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January 2014
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Our first newsletter in 2014 focuses on Chinese New Year.  January 31 marks the beginning of the Chinese Lunar New Year, the year of the horse.  Most businesses on the China mainland will close January 31 - February 6th  to celebrate, resuming normal business operations on Saturday, February 7th.   Hong Kong offices are closed January 31 – Feb 4th.    The holiday is not only celebrated in China but throughout East Asia and some offices in other Asian countries will close on January 31st.  
If you have not yet received 2014 Future Forwarding Company calendars and you would like some, please contact us!
Trans-Pacific Eastbound Containers:  Importers Should Expect Delays due to Chinese New Year
 
With Chinese New Year being early this year, significantly more containers have been booked than space to carry them. From what we are hearing, many carriers have booked 3-5 times more containers than available capacity.  Containers booked in weeks 4 and 5 are likely to roll  to sailings after the Chinese New Year holiday.  We will alert you of any rolled bookings as soon as we have available information.  
 
LCL (less than container load) container freight stations (CFS) in Hong Kong and Shanghai are so full, they are having issues receiving incoming shipments which is causing local delivery trucks to back up onto the local streets and highways. Last week, reported waiting time to deliver export cargo to some CFSs is more than 12 hours.  In some location, trucks were diverted, held in overflow paddocks, and staged for arrival.
 
Another backlog is expected at Long Beach – Los Angeles ports in March as containers booked pre-Chinese New Year all start to arrive at the port at the same time.  Vessels are arriving fully loaded, and Long Beach is already delayed due to January congestion caused by labor shortage over the Christmas holidays when masses of skilled longshoremen had holiday time off.

 
The good news:  Records from the Port of Los Angeles indicate container volumes have increased 11% over December 2012.   We hope this forecasts a lucky and healthy year of the horse for global shippers!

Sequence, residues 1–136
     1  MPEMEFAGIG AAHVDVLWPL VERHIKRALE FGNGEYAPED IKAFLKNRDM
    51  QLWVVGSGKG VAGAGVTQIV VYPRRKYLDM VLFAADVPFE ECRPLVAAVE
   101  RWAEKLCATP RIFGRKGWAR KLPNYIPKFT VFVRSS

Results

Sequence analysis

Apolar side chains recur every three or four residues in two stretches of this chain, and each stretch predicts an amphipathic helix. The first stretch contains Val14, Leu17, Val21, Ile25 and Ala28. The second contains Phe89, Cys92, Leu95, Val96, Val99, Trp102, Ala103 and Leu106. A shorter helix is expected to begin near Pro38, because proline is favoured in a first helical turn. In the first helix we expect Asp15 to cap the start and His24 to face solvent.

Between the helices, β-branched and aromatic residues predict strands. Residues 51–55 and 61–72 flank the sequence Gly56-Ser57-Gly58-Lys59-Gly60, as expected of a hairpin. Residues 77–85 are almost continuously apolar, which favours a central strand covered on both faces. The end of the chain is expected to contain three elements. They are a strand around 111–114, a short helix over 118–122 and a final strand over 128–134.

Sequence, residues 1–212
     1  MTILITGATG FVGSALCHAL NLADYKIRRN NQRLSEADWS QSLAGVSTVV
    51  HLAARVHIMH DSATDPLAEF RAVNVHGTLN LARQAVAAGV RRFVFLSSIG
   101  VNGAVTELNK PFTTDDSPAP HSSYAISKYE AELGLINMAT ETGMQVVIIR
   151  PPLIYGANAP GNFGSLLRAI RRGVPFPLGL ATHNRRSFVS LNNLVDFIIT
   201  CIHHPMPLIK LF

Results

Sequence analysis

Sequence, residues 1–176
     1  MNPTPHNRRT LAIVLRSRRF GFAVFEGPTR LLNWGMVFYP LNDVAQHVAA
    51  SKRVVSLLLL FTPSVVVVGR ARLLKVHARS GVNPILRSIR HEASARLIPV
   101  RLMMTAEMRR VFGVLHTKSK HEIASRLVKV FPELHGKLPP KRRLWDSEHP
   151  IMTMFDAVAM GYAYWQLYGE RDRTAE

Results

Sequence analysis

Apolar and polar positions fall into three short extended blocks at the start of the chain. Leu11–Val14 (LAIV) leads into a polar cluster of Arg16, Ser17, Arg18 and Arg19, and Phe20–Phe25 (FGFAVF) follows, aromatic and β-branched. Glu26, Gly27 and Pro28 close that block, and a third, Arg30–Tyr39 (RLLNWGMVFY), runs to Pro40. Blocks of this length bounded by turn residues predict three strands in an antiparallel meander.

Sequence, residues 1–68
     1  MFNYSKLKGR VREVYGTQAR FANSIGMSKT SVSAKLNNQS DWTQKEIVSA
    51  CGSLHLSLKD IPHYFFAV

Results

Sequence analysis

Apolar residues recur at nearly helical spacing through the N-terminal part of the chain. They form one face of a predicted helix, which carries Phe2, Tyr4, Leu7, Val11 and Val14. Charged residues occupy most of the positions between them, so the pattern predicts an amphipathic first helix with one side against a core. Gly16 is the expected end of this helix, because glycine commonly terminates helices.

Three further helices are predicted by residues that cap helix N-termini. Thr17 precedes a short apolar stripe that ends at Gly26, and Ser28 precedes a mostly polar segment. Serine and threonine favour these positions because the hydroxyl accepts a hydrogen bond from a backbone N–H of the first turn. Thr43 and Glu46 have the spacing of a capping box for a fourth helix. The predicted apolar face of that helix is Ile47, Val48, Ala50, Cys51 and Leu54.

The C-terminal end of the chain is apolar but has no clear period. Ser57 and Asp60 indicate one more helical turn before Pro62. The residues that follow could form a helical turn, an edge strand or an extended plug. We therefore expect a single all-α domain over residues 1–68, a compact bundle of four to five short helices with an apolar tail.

Hopefully, you have already finalized orders and wished your Asian counterparts a happy, prosperous new year.  If not, wish them “Gong xi fa cai!” in Mandarin or “Kung hei fat choi” in Cantonese.   Both mean “May you be prosperous.”   A fun way to respond to someone who greets you with “Gong Xi Fa Cai” is “Hong Bao Na Lai”, "Red envelope please!"  Traditionally, red envelopes containing money are given to children during the new year celebration.  The money inside a red envelope should always be new and crisp symbolizing the new beginning.  The red envelope symbolizes fire which, according to legend, drives away bad luck.
 
With temperatures dipping into the single digits more than once this month, we’d like to spotlight the warehouse staff that keep orders flowing hot despite frigid conditions.  Nick Bowlden, our Warehouse Wholesale Supervisor, has been doing just that for almost a decade at Future Forwarding Company.  A dedicated member of our team, Nick is responsible for picking and packing orders, shipping and receiving, and maintaining wholesale inventory.  Even though he has been at Future Forwarding for over 9 years, he says he is continuously learning something new as supply chains continue to grow increasingly complicated.  Nick is also an avid bow hunter, as well as a turkey and duck hunter.  He has an amazing turkey call!  It’s a good thing there are not any duck ponds near the warehouse!
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